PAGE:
|Prof. Dr. Ursula Schröder, Dr. habil. Cornelius Friesendorf|
Policing increasingly takes places across borders, and conflict-affected states are a main site of international policing. In such states, foreign police experts undertake a variety of activities, including supporting recipient police agencies through the delivery of training, equipment, and advice on institutional reform. While research on international and transnational policing has grown, little is known about how members of multinational police missions and programs implement their mandates and about underlying causes. A better understanding of police assistance is also needed because of its potential to alter state-society relations; it is a deeply political, not merely technical, form of intervention.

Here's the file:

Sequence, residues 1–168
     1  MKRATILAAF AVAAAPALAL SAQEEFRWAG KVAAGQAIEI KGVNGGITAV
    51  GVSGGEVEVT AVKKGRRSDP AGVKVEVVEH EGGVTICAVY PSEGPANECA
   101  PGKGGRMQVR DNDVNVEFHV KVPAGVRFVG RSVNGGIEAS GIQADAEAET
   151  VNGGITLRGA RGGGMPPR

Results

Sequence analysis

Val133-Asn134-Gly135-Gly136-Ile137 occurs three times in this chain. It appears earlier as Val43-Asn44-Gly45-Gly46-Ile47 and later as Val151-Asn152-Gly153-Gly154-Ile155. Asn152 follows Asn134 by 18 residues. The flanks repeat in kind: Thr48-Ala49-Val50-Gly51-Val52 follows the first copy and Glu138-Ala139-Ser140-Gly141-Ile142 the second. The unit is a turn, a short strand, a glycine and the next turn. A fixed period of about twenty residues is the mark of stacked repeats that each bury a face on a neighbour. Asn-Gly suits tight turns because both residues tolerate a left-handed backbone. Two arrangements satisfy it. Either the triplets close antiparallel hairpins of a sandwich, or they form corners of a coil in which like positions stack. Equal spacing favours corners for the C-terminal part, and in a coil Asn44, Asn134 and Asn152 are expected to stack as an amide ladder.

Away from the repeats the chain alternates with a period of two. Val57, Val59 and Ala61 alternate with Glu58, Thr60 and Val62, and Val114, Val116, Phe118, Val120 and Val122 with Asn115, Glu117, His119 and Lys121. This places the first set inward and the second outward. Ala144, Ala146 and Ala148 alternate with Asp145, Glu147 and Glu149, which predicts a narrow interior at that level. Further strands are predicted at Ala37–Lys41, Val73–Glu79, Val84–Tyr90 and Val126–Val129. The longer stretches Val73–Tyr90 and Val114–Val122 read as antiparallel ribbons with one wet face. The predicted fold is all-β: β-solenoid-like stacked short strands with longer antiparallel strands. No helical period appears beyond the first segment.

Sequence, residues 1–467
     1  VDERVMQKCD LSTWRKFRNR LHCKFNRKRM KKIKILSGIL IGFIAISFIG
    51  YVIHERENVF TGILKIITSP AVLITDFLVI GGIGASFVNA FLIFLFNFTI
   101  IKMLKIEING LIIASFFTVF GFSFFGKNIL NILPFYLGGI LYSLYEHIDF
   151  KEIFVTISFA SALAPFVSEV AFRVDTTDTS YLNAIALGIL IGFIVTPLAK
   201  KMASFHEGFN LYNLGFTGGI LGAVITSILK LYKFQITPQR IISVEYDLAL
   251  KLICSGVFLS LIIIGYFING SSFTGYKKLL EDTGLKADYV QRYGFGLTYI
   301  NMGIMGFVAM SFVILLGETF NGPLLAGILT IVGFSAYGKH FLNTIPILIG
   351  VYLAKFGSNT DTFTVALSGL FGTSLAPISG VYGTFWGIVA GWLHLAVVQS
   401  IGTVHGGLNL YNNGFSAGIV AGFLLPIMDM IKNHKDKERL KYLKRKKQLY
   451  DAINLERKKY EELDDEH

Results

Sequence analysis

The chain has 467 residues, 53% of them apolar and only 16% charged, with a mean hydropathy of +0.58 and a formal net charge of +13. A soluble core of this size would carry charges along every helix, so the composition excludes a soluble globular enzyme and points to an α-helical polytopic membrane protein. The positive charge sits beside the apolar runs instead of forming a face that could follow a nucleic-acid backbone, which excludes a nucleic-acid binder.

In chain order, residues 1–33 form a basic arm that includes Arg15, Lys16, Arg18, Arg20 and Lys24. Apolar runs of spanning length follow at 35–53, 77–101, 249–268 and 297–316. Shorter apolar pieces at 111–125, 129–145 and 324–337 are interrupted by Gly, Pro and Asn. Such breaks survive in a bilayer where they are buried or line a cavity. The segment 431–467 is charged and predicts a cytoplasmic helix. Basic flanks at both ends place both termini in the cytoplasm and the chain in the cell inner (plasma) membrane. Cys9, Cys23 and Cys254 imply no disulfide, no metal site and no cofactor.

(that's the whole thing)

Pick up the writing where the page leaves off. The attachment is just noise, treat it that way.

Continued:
This project, funded by the German Research Foundation over a period of three years (2018-2021), seeks to shed light on the role of police experts as global governors. Located in the field of International Relations and security studies, and also drawing on insights from police studies, criminology, and organization studies, the project examines, first, the behavior of police experts. We analyze how these experts train, equip, mentor and advise, and institutionally reform police services in fragile contexts, as well as conflicting international and transnational agendas such as with regard to levels of police militarization. As its second objective, the project explores the causal mechanisms underlying the behavior of police experts, showing how their institutional environments, especially the police agencies seconding personnel to foreign missions and programs, govern the implementation of police assistance on the ground.
With an empirical focus on EU operations and projects in the Western Balkans and post-Soviet countries, the project contributes to a better understanding of police assistance and reform. More generally, the project reveals the micro-processes of global governance and state-building.